TORONTO (Reuters) - The Canadian government should tighten lending rules further to discourage consumers from taking on too much debt in an environment of low interest rates, the outgoing chief executive of Toronto-Dominion Bank (TD.TO) said on Tuesday.
Ed Clark, who will step down as CEO of Canada’s No. 2 lender in November, said the central bank’s low interest rates were appropriate given the economic outlook, but this meant the federal government should use administrative measures to check a jump in household debt that has followed a housing boom.
“It’s just not realistic in a competitive marketplace to say, ‘Why doesn’t one bank lead the way and change the rules?’ It won’t happen. This is a responsibility of the government,” he told Reuters.
“I get why they keep worrying about doing it. But I think you have to just keep touching this brake. As long as you run low interest rates, you then should be continuously leaning against asset bubbles.”
Canada’s Conservative government has stepped in four times since 2008 to tighten mortgage lending rules to cool a real estate market that flourished as the financial crisis ebbed.
The property rally sent the ratio of Canadian household debt to income to a record high of 164.1 percent in the third quarter of last year, though it has since eased slightly.
Clark, who has been chief executive since 2002 and gives his final speech as CEO on Tuesday, announced last year that he would retire. He will be replaced by TD Chief Operating Officer Bharat Masrani.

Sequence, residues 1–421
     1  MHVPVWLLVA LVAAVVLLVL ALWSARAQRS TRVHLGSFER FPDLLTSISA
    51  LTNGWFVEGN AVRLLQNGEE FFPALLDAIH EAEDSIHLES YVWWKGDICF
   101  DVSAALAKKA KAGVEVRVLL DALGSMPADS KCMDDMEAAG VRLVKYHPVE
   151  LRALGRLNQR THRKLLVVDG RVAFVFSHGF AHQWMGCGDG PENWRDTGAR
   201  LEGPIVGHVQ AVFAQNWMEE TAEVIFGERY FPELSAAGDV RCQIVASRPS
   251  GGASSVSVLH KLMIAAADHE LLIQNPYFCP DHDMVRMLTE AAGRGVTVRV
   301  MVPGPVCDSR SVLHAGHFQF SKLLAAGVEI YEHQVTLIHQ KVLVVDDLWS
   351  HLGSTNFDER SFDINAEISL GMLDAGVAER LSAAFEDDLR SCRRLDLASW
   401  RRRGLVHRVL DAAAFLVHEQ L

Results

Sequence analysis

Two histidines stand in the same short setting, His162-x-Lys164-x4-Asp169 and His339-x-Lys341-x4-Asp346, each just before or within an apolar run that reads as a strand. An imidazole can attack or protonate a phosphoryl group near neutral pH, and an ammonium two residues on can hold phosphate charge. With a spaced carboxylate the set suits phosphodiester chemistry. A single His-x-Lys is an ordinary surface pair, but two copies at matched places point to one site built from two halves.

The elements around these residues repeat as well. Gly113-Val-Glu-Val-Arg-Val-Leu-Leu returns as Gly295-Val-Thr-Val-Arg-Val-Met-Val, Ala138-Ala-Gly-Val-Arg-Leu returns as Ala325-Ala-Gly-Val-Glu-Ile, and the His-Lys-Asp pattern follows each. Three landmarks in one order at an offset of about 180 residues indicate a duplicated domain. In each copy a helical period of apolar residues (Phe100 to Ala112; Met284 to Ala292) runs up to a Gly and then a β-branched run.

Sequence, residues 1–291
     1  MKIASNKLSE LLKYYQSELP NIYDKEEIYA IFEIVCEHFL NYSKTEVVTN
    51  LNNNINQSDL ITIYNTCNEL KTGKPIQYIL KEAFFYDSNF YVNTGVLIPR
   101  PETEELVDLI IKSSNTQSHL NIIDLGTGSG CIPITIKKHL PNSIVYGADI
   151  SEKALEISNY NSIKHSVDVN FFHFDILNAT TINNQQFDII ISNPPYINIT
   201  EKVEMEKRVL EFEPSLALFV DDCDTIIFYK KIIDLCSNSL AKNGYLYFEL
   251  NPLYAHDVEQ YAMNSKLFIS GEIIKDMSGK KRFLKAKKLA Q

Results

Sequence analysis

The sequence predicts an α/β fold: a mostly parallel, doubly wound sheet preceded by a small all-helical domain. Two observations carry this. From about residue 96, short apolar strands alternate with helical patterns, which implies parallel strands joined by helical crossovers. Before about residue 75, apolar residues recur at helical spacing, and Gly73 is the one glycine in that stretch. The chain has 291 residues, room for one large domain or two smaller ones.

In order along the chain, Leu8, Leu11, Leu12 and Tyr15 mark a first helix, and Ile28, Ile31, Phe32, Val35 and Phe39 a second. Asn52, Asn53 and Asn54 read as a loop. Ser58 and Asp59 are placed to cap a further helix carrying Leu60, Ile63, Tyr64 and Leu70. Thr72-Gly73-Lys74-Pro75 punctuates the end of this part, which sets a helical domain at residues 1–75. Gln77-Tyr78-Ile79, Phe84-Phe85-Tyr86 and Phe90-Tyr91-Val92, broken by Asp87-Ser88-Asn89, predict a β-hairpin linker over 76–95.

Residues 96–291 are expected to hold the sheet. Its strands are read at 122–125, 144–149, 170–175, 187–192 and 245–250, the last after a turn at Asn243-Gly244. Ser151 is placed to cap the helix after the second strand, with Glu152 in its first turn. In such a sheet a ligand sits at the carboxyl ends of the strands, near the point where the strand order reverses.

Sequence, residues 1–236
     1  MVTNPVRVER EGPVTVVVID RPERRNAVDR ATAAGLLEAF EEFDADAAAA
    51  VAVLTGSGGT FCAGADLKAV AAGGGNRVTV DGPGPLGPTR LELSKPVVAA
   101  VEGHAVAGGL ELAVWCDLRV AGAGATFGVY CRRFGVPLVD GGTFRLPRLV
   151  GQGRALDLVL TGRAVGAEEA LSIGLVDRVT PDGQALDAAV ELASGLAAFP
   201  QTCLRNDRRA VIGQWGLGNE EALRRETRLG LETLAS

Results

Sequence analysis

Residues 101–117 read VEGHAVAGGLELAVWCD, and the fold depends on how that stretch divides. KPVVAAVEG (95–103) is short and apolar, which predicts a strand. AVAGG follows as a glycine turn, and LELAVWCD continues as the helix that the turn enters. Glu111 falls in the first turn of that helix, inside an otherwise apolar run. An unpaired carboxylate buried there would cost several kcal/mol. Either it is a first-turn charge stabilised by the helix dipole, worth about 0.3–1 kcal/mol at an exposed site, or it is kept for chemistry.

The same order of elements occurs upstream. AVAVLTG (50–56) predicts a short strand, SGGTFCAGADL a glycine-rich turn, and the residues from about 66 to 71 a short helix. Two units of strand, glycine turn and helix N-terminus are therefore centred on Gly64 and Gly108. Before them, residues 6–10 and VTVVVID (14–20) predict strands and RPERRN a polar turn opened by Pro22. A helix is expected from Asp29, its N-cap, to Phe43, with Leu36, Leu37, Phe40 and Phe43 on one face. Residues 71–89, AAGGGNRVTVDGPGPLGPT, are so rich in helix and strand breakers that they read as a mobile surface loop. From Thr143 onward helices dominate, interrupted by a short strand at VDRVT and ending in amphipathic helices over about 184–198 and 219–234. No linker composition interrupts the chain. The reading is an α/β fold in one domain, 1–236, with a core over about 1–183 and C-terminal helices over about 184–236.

As CEO, Clark oversaw the expansion of TD’s U.S. retail banking operation, which includes more than 1,300 branches on the Eastern seaboard. While TD made nearly a dozen acquisitions to scale up that business, Clark said he expects the focus to be on organic growth going forward.
This is partly because “regulatory overhang” is higher now when buying U.S. banking assets, he said, adding that in the past regulators had been more supportive when TD looked at buying lenders with issues.
“Today, the regulator’s view is if you buy it, you own it. Even if you had nothing to do with the problem, that’s your problem. And so that makes a higher hurdle to make acquisitions.”
The Canadian bank is more interested in buying assets like loan books or small companies that can originate loans in sectors where it would be difficult to expand organically.
Looking forward, Clark said within five years he expects wealth management will make up a larger share of the bank’s business overall.
“Wealth will probably outgrow. I think we’re going into a demographic phase and a phase in the economy where you had a long period of lending, personal lending, growing quite rapidly. I think that has to slow,” he said.
Editing by Bernadette Baum and Matthew Lewis